NEES Teleseminars

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EFRC NEES Teleseminar - Long-Qing Chen
Thursday, May 26, 2016
4:00 p.m.-5:00 p.m.
1146 AV Williams
For More Information:
Elizabeth Lathrop
301 405 7801

Phase-field Method and Its Applications to Modeling Mesoscale Microstructure Evolution in Li-ion Batteries 

Long-Qing Chen

Department of Materials Science and Engineering and Materials Research Institute, Penn State University, University Park, PA 16802

For the past two decades, phase-field method has been established a powerful computational tool for modeling complex three-dimensional mesoscale microstructure evolution during a wide variety of materials processes.  In this presentation, a brief overview of the phase-field approach and its applications will be provided. Examples of applying phase-field method to modeling microstructural processes during Li-plating as well as Li-insertion into and extraction from electrodes in Li-ion batteries will be briefly discussed. In particular, a phase field model for modeling the morphological evolution during the intercalation/extraction of Li-ions into a host electrode will be described. It incorporates the effects of anisotropic diffusional mobility of Li-ions in the electrode host lattice, flux of Li-ions across the electrode/electrolyte interface, and coherency strains arising from the lattice parameter mismatch between the lithiated and unlithiated phases. Implementation of spectral methods to solving the systems of equations under non-periodic boundary conditions will be presented.  A nonlinear phase-field model, accounting for the Butler-Volmer electrochemical reaction kinetics, will also be discussed. The dendritic patterns are examined as a function of applied voltage and initial electrode surface morphology. A design map is proposed to tailor the electrode surface morphology and the applied voltage to control the morphology of dendritic patterns. The possibility of incorporating the effect of SEI on the Li-dendrite formation in a phase-field model will be discussed.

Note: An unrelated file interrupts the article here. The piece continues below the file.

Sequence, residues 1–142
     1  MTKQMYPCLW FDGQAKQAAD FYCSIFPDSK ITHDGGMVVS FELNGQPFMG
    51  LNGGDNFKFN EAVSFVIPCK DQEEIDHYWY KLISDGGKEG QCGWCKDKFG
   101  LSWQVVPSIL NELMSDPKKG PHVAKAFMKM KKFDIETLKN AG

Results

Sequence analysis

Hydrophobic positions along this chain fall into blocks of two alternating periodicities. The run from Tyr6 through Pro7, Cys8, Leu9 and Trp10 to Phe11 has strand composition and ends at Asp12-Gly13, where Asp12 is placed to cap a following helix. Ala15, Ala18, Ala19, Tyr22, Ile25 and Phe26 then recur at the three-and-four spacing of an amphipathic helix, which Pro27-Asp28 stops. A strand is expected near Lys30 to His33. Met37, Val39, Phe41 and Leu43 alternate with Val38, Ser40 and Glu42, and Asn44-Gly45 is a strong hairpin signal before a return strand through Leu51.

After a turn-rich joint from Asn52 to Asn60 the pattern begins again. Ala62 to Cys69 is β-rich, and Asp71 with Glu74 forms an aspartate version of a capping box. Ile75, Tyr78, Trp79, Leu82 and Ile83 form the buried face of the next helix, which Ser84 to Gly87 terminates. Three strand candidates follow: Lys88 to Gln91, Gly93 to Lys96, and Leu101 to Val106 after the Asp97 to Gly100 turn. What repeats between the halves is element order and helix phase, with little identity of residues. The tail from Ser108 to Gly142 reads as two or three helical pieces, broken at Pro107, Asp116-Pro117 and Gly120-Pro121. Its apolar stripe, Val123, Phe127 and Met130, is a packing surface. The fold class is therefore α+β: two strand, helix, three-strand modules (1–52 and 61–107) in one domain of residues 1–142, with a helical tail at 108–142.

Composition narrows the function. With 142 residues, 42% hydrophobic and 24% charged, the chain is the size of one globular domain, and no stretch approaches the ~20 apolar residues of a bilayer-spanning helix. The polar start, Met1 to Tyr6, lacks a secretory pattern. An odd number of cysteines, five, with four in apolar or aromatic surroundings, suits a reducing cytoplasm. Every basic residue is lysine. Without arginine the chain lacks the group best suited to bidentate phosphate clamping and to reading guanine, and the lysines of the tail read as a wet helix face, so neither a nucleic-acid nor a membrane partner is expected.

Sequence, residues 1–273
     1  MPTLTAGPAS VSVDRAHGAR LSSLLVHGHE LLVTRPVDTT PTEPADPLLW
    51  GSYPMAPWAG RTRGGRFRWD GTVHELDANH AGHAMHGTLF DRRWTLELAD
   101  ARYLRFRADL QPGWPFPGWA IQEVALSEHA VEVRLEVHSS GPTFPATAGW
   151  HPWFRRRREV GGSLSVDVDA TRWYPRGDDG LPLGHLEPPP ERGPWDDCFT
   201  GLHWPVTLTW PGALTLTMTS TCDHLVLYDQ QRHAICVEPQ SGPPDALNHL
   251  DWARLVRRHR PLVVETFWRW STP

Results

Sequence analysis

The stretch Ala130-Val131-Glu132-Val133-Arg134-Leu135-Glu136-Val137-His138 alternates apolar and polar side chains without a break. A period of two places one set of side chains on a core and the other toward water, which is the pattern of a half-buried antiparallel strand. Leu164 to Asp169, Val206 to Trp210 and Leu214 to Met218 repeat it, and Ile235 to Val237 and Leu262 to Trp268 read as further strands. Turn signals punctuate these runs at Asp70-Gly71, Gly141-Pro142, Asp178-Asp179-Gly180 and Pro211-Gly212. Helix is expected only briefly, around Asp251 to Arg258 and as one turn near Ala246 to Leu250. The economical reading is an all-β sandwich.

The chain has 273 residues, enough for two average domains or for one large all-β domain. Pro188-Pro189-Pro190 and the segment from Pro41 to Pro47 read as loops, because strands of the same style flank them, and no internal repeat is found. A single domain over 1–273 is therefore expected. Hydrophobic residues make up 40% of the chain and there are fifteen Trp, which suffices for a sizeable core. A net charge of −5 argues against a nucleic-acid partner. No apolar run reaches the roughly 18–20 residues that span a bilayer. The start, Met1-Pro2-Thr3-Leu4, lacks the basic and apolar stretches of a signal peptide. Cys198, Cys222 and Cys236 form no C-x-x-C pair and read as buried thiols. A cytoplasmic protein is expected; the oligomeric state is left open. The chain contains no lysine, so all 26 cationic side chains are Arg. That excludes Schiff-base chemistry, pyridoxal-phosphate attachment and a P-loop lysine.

Long-Qing ChenLong-Qing Chen is Donald W. Hamer Professor of Materials Science and Engineering, Professor of Engineering Science and Mechanics, and Professor of Mathematics at Penn State.  He received his Ph.D. from MIT in Materials Science and Engineering in 1990 and joined the faculty at Penn State in 1992. He has published over 500 papers (with ~ 18,000 total citations and H-index of 67 according to the Web of Sciences and > 25,000 total citations and H-index of 76 according to the Google Scholar) in the area of computational microstructure evolution and multiscale modeling of structural metallic alloys, functional oxide thin films, and energy materials.  He is a Fellow of the Materials Research Society (MRS), American Physical Society (APS), American Ceramic Society (ACerS), and American Society for Metals (ASM).  He received the 2003 University Faculty Scholar Medal in Engineering and a Distinguished Professorship in 2012 at Penn State.  He is a 2005 Guggenheim Fellow and awarded the 2006 ASM Materials Research Silver Medal, the 2011 TMS EMPMD Distinguished Scientist Award, the 2014 MRS Materials Theory Award, and 2015 Lee Hsun Lecture Award by the Shenyang Institute for Metals of the Chinese Academy of Sciences.  He is the Editor-in-Chief for npj Computational Materials by the Nature Publishing Group.

This Event is For: Graduate • Faculty • Post-Docs

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